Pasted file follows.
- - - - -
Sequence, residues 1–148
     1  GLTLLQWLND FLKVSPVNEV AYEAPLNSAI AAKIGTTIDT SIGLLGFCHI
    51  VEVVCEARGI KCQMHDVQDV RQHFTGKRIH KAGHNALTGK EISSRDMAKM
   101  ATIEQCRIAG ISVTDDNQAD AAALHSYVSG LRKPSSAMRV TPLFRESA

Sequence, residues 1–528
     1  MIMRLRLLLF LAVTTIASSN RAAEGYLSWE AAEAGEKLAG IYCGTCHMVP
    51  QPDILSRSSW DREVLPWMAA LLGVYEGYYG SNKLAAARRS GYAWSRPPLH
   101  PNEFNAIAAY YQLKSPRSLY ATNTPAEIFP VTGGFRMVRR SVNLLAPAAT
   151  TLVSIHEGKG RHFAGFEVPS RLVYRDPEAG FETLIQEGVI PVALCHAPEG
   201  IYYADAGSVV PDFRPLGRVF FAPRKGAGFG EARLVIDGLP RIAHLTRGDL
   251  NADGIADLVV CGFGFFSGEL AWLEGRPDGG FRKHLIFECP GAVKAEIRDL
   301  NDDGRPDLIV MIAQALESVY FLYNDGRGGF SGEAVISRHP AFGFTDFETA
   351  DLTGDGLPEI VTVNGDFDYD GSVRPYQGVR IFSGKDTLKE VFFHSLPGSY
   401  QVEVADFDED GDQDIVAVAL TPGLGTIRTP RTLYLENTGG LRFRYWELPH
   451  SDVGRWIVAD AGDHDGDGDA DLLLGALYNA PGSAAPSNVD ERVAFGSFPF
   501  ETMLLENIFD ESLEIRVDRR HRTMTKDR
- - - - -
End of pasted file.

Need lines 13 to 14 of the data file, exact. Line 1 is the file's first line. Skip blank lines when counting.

   351  DLTGDGLPEI VTVNGDFDYD GSVRPYQGVR IFSGKDTLKE VFFHSLPGSY
   401  QVEVADFDED GDQDIVAVAL TPGLGTIRTP RTLYLENTGG LRFRYWELPH